As an example: If the student had visited the library for a half hour, these reports can help identify exactly who they were near in that space, and when any potential exposure began. The reports are designed to be universally applicable at the outset, but offer districts the ability to drill down on specifics in a way that offers impressively detailed results. Moreover, this new report allows districts to import any of their necessary infection rate data directly to their county’s respective departments of health, greatly reducing the time inherent to that process, while also getting this important information to health officials in the most expedient way possible. In terms of the user experience, it looks like things have started off very well. 
 

kids masked up in the classroom
 

"Our team worked with districts to better understand the expectations of the counties and New York State in terms of what the former had to submit,” said Marc. “Based on the documentation districts needed to complete, we developed version 1.0 that went out to districts in December. We continued to work with districts, which allowed us to develop a more detailed 2.0 version that is now available to all districts.”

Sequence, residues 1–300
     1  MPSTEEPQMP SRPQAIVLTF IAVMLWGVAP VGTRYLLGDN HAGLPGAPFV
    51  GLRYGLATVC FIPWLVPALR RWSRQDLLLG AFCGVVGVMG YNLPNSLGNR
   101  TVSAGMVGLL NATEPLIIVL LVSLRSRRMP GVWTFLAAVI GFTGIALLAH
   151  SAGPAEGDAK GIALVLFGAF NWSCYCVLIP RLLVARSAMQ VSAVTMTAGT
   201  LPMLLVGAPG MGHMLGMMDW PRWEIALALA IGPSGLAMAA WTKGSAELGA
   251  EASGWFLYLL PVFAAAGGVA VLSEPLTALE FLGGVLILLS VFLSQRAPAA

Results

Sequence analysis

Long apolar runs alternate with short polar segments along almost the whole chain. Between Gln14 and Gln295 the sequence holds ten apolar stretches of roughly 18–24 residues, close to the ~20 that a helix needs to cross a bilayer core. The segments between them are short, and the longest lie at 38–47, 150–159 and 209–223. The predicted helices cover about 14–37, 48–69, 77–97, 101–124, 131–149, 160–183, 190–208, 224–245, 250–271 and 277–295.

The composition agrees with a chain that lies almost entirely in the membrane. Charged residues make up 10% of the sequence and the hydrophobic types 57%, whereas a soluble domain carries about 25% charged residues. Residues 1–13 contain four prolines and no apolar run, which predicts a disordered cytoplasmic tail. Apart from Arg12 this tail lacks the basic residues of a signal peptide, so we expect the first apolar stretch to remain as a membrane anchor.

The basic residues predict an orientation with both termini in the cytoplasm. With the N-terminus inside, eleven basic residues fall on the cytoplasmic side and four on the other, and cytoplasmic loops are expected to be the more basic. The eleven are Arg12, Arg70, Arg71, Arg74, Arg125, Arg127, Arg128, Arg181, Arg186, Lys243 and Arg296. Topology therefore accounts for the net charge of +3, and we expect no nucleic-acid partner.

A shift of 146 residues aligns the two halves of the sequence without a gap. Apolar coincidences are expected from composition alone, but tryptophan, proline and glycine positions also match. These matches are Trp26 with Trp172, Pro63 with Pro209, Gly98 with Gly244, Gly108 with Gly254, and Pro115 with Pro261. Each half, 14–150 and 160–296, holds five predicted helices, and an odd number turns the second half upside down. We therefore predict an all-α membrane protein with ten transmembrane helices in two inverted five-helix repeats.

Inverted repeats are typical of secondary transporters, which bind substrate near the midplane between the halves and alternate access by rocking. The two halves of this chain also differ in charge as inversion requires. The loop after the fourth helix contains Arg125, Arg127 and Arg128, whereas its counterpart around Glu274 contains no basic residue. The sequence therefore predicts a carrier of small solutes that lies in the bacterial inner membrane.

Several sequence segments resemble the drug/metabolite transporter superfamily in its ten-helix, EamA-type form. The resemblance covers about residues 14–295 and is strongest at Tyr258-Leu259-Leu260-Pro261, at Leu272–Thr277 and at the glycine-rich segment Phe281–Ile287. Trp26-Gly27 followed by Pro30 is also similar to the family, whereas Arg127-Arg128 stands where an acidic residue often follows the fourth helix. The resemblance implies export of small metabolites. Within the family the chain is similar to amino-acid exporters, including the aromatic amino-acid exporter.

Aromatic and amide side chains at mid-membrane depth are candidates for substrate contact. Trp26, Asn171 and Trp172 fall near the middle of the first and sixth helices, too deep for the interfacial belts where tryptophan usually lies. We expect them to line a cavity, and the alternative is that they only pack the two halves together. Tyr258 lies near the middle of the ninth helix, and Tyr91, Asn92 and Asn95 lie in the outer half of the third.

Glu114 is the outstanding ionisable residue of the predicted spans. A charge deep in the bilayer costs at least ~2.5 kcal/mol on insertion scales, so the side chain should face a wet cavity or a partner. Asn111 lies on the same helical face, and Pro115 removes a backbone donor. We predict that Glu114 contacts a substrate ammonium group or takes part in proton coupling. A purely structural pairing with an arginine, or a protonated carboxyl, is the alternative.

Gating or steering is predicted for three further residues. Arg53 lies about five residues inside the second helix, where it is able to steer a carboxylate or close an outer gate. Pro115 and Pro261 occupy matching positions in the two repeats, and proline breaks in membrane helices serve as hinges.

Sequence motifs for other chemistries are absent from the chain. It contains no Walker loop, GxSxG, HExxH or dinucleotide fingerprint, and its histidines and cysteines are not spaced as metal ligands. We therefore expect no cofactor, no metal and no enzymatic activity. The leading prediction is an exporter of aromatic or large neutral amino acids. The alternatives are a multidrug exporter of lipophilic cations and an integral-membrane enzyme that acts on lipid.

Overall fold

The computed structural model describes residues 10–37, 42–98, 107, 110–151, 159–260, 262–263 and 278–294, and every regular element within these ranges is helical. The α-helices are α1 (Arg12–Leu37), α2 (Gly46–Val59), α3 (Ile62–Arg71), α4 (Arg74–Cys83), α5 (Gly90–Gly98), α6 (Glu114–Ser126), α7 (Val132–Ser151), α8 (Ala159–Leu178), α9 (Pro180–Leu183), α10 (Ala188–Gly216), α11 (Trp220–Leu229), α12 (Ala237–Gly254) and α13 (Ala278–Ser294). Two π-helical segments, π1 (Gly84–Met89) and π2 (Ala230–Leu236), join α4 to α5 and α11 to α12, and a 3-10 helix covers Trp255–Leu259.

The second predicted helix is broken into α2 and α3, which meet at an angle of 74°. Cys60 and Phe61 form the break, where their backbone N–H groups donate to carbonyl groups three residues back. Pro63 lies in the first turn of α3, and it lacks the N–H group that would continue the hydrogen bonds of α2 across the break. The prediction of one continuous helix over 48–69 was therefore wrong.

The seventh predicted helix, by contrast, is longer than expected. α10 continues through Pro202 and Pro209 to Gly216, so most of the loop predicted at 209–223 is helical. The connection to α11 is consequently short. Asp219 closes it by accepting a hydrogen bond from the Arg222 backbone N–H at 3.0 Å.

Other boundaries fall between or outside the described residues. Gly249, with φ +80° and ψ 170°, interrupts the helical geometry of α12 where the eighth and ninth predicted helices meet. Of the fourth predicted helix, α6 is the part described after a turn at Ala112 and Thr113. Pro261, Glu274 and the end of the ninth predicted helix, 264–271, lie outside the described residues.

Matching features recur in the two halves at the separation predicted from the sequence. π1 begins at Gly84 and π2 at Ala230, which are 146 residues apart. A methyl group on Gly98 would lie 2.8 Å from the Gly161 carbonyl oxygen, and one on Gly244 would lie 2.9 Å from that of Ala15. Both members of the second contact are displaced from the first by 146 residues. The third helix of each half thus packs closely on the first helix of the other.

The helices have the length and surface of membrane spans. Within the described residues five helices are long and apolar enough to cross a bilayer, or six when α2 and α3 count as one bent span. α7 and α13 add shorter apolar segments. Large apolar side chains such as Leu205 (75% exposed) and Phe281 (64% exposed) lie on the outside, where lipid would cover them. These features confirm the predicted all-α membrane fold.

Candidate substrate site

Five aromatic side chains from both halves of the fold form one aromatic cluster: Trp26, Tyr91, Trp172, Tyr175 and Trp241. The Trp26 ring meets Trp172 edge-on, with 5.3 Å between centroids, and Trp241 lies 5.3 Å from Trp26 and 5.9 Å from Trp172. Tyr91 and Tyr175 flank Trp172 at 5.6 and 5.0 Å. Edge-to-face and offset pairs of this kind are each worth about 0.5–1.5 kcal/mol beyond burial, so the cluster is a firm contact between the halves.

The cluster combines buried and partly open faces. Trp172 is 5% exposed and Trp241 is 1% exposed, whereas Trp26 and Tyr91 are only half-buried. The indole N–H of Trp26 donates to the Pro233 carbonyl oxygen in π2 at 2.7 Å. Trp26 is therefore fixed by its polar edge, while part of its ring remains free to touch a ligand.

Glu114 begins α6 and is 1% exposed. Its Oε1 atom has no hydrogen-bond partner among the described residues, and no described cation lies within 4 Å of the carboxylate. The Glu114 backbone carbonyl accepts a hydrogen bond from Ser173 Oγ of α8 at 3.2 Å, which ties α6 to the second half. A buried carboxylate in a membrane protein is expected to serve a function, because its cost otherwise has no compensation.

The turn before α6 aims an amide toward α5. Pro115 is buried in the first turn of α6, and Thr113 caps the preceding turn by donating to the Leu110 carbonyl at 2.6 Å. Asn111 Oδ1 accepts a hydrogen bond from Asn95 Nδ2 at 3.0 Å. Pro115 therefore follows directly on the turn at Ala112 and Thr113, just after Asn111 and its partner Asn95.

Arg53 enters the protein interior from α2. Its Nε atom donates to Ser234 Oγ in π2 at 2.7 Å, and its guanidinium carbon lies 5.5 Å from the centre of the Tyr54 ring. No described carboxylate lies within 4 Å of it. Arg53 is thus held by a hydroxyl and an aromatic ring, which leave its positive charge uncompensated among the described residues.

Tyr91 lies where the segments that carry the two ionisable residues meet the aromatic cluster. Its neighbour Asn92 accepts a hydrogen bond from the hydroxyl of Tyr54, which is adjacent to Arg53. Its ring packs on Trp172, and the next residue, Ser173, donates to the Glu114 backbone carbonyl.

“We have done individual training sessions with 3-4 districts, and they have had no problem understanding the process,” Marc continued. “We have also shared the report to internal groups, as well as district representatives through SchoolTool user group meetings.”

Brenda added, “Our team showcased both versions at new release user group meetings, and offered our districts the option to receive these tools if they thought it would help with their data collection. In addition, we had also created a short document to walk them through both sets of measurement tools.”

 
 
man working on contact tracing
 
 
 

Part of the reason for the early success of these new reports might stem from the idea of “stepping outside” of our own roles and trying to view things from the customer’s perspective.